I need to replace a main load center from the side of my house (it's FPE, so it's gotta go). Plus the utility is willing to increase my current 100A service to 200A, so I'll need a new meter base for that.
This house originally had wood siding, and about ten years ago it was covered with EIFS, aka synthetic stucco over styrofoam. I'm not sure if the wood siding was removed first or not. The good news is that it was fully permitted, and based on the install date, should be the modern kind of EIFS with a drainage channel behind the insulation.
I believe this panel was surface-mounted on the original wood siding, and then when EIFS is added, they just went around the panel, so it's now sitting halfway between surface mount and flush mount. From the other side of the wall, I can see the metal of the box, so it looks like the drainage channel is not continuous behind the box, but rather they flashed to the sides of it. I don't see any signs of water damage at present.
I'm trying to figure out my best option for replacing this box while still keeping my wall watertight. So far I've thought of a few options:
Abandon the current panel in place, and (surface mount) install a new one right next to it. Wire length is not an issue, since most of the circuits will be moved to a new subpanel in the garage (where all the wiring to the house crosses anyway), and the new service drop will give me the length on the service entrance cable. In this case, I would need a new wall penetration for 2" minimum conduit for the feed to the subpanel. Probably the worst option aesthetically, but by far the cheapest and easiest.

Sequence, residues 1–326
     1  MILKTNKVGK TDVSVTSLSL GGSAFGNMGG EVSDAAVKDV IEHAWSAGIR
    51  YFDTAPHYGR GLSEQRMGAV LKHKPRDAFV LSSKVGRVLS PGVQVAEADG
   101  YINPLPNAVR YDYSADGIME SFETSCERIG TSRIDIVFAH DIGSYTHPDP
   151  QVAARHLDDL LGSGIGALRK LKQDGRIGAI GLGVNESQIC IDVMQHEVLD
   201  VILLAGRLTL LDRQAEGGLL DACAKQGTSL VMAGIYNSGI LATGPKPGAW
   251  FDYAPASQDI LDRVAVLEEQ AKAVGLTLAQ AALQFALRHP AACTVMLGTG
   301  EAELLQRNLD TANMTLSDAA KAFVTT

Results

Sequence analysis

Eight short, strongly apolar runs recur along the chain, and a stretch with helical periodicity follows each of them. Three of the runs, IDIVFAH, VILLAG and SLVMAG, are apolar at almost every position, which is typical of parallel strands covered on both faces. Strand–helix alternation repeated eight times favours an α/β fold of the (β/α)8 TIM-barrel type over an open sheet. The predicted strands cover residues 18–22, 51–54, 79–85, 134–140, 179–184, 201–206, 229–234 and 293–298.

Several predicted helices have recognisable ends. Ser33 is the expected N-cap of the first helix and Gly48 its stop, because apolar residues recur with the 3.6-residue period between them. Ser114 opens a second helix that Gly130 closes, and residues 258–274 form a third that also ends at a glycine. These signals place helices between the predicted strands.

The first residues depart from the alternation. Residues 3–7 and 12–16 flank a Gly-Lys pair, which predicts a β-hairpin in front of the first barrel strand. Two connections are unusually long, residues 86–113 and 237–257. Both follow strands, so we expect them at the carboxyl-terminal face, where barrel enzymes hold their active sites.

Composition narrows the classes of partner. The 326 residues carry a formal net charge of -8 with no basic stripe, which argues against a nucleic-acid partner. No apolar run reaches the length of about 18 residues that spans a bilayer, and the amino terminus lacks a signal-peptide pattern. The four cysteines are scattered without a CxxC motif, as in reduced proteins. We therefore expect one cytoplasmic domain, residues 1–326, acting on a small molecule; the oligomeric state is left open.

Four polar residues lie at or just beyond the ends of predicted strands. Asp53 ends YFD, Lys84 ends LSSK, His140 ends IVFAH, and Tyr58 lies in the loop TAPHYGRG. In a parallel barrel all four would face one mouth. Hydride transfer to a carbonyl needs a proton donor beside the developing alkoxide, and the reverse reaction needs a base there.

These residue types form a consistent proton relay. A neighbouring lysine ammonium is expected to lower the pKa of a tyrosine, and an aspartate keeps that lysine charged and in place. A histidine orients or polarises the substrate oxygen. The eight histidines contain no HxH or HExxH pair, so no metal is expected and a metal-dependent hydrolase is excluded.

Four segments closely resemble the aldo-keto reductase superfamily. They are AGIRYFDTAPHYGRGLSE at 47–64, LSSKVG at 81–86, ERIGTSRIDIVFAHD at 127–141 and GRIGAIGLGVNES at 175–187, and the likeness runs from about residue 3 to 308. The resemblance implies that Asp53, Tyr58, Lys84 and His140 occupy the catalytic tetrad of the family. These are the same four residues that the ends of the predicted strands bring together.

Demo some of the EIFS directly around the panel and masthead conduit, remove the current panel, and surface-mount a new one in its place. This will require widening the current hole since modern panels are not available as narrow as the current one. With this approach, I expect significant challenges getting it watertight, and I'm not sure I'm comfortable DIYing it.
Remove the current panel and install a new flush-mount panel. This approach would probably look the cleanest, but I've mostly ruled it out because the stud spacing in that part of the wall isn't wide enough for modern panels, so the wall's framing would have to be significantly altered, in addition to the challenges waterproofing it.
So my questions are, what approach would you recommend taking, and how DIYable is it? If I go with option 1, how difficult will it be to seal around a conduit penetration in EIFS-with-drainage over wood?
EDIT: Some more pictures showing the wall's construction: 1) looking up at the wall's layers from the foundation, 2) looking at the back of the box from inside the garage, and 3) a picture near a hose bib on the other side of the house that shows all the EIFS layers